Reindeer is sacred animal for many ethnic groups in the northern hemisphere.
Saami´s are native people of Scandinavia (and the only ethnic group in the area of European Union). Saami´s live outside Siberia but their language is part of Samoyedic languages. There are elements of shamanism in the spirituality and folk traditions and customs of the saami. One of the most important parts of the Saami culture are the joiks. Joiks are wordless chants that were originally sung in shamanic rites. There are two types of joiks, clear joiks that are mostly sung by young people. Then there are mumbling joiks that are used while casting spells. These joiks often mimic natural sounds.
Speakers of Finno-Ugric languages.
Most speakers of Finno-Ugric languages live outside Siberia. Finno refers to Finnic languages such as Finnish and Estonian and Mari. In all these cultures there are elements of shamanism in the folklore and myths. In Pre-Christian Finland, shamanism had several phases. Noita the shaman was the spiritual healer of the tribe. Later on, there was a shift in the culture and noita became more individualized and was no longer a healer of the community but an individual practitioner of witchcraft/herbalism/healing. Ancient Finnish tribes believed in soul duality. Bear and moose were most common totem animals and there are lots of archeological proofs found from the widely spread bear cult. The world was divided into three levels and they were held together by an invisible pole, the wold tree.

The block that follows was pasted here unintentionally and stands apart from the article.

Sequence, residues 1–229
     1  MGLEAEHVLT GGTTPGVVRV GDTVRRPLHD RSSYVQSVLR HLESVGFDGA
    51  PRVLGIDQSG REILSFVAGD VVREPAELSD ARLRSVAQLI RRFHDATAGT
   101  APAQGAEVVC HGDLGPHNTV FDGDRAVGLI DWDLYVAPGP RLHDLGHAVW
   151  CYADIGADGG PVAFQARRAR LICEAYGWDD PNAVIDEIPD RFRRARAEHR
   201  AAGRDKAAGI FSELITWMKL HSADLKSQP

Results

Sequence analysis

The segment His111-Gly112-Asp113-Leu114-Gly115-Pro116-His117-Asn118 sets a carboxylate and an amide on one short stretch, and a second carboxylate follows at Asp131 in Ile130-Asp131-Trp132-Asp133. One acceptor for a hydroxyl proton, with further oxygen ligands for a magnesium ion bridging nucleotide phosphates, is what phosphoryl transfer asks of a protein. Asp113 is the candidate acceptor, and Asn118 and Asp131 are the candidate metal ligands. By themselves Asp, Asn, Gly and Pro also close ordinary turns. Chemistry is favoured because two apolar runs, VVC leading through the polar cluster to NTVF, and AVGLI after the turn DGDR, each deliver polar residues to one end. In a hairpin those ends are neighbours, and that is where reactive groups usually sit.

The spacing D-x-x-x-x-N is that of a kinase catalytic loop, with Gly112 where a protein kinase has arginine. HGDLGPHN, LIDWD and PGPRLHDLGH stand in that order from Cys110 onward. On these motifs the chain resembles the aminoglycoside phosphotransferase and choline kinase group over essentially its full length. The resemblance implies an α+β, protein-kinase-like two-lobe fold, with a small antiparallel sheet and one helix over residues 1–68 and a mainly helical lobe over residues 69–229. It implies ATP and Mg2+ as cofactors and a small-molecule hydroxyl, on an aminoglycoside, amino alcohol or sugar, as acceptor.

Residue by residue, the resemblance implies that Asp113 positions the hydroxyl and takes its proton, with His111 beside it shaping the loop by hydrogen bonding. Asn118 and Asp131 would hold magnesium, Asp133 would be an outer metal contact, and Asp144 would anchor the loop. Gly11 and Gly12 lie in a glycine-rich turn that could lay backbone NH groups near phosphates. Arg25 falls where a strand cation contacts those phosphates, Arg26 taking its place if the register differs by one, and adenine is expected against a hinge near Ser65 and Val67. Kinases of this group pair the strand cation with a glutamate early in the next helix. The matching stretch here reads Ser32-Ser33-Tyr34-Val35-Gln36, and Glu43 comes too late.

In Estonia shaman was called Näit. Like in Finland also in Estonia worship of nature was an essential part of spiritual practice. Trees especially were worshipped as divine nature spirits. Other speakers of Finnic languages like Komi´s, Mari´s and Mordvan also have elements of shamanism in their spiritual practice. Folk religion also has elements from Russian Orthodoxism. Among all these groups nature worship, shamanic traveling and concept of the world tree are very common.
Ugric efers to Ugric languages such as Hungarian, Khanty, and Mansy. Early ancestors of modern-day Hungarians migrated from Siberia already 6000 years ago settling into the area of Pannonia Basin. Elements of shamanism have been preserved in folklore. Ancient Hungarians believed that world was divided into three levels and shaman had the ability to travel between these levels to seek information. In Khanty culture bear was worshiped as an important totem animal and as the divine ancestor of the people.
I´ve had a soft spot for Estonian mythology and folktales as long as I can remember. Essentially same thing that pulls me towards Estonian folktales pulls me towards all Finno-Baltic legends. Stories encourage people to examine their connection to nature and respect the invisible spirits that live around us. Here are some fascinating creatures from Estonian myths and legends.
Metsik the Forest Guardian
Metsik is the elf of the forest. In the primeval Estonian tales Metsik were wood elves that lived everywhere surrounded by trees, from shallow swamp forests to the coniferous woodlands. When Metsik appears to people they take a form of a wild animal, a bird or a handsome tree. Singing bird who truly is Metsik sings songs that humans can understand. They can also understand the language of the aspen tree that rustles in the wind for that aspen tree is Metsik. Metsik are the guardian spirits of the woodlands. They do not approve cutting trees, burning fires and above all trashing. When people enter to the woods with cruel intentions Metsik misleads them away from their sacred home.